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You may not finish reading this article

Mobile Internet use means you might get interrupted. How can your company grab customers’ attention?

By IMD Professor Carlos Cordon, with Pau Garcia-Milà

There is a big chance you will not finish this article if you are reading it on a mobile phone. And there is a big chance that that is indeed where you are reading it.

In 2014, 25% of all Internet connections were made from mobile devices. This means that within a short period of time (if not already), more than half the visits to your website will be via mobile phones.

So how does your company website look on a mobile phone? Remember, Google searches penalize websites that are not well adapted to mobiles. The bad news is that even if your website is well adapted and provides a version easily readable on mobile phones, that won't be enough. A responsive website, one that adapts fonts, photographs and visual layout automatically to the mobile screen, will not in itself be sufficient to retain the customer's attention, sales will not grow and time per session from mobile phones will fall disastrously short of time per session from computers.

The good news is that Big Data can fix this. When a user accesses our website we gain a lot of information about them. By analysing this information, we can discover the type of user and, for example, whether they are potential buyers of our products, potential investors for the company or potential new suppliers (or just our mother looking for our office phone number). Instead of showing the same products to every customer, we can use the market knowledge provided by Big Data to offer each customer the products that fits them best.

How can we know all this? Let's take a look at the information we receive when someone visits our website. We know the browser they are using, the operating system and the screen resolution of the device. From the IP address we also get an idea of the geographical location. Someone using an Android 2.3.3 smartphone, with its default browser and a 300px widescreen device, might have paid less than USD 100 or even nothing. On the other hand, if a visitor is using the latest version of Safari mobile and an iOS 8 device, with a screen resolution of 1242 pixels, their phone cost USD 750 or more. We should offer different things to these people, shouldn't we?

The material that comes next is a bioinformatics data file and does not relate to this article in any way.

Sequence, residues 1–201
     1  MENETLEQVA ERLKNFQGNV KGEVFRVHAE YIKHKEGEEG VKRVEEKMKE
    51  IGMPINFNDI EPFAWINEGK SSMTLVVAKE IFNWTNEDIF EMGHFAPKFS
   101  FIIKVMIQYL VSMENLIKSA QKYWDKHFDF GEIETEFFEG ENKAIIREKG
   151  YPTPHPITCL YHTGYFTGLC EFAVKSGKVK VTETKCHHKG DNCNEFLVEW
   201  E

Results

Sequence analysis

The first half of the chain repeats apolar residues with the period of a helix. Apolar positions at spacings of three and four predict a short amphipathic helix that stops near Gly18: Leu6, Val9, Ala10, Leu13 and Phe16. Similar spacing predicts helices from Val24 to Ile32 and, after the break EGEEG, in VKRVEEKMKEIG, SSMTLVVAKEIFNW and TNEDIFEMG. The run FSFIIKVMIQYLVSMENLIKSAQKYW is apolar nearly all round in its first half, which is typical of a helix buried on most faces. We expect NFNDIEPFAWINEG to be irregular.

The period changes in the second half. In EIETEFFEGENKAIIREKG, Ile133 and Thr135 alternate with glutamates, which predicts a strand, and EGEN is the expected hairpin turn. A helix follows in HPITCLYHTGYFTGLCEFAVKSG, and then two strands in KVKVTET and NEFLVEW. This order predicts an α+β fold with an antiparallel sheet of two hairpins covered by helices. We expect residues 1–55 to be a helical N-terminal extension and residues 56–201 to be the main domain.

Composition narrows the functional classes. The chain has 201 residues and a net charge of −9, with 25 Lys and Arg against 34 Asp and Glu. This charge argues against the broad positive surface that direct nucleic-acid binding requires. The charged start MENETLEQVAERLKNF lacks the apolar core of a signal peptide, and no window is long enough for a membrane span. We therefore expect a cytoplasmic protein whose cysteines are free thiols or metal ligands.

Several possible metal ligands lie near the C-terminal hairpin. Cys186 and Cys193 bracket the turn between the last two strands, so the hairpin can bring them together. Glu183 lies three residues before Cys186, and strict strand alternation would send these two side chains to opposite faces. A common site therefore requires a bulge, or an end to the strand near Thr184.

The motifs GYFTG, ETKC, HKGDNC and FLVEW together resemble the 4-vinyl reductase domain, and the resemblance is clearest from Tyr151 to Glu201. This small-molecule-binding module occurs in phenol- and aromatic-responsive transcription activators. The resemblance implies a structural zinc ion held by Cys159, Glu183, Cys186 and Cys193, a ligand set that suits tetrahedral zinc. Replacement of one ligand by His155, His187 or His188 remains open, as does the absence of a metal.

Zero concentration
Once we grasp the importance of offering different information to different users, there is just one more thing we need to understand about how users employ mobile phones when surfing the Internet. Mobile browsing brings with it constant interruptions, which can lead to zero concentration. And we must deal with that.

Imagine you go to the office and you see the person you want to talk to looking carefully at a website on his or her desktop computer. You stick your head between them and the screen and start yelling: "You will stop reading right now because I want to talk to you". Sounds odd, right? Well, this is exactly what happens when someone is deciding whether to buy a product from a website they accessed on their mobile phone and they are interrupted by an incoming call. The website suddenly disappears and the phone starts ringing loudly, telling the user to stop reading and to answer.

And who is responsible for the potentially lost sale? There is only one guilty person: the website creator. Every second a user spends reading useless information on the site raises the chances that they will be interrupted by a call and that they will forget about our products and our website.

If you reached this part of the article and you are reading it on a mobile phone, we must say "Thank you". Thanks to you and also to the 215 contacts on your phone, plus 30 insurance companies, 25 car companies and 15 strangers that did not call you in the middle of reading it. Thanks to the taxi driver who is taking you to the airport for not getting you to your destination before you had finished. Thanks too to the birds of the city for not getting up close to you and distracting you.

And for those who did not reach this point, "Don't worry", it is our fault: we wrote an article that couldn't be read in just a few seconds.

Carlos Cordon is LEGO Professor of Supply Chain Management at IMD, where he teaches on the Leading the Global Supply Chain and is Director of the IMD Global Value Chain Research Center (VC2020).

Pau Garcia-Milà is an entrepreneur and communications expert. He is currently one of the external experts collaborating with the research of the IMD Global Value Chain Research Center (VC2020).

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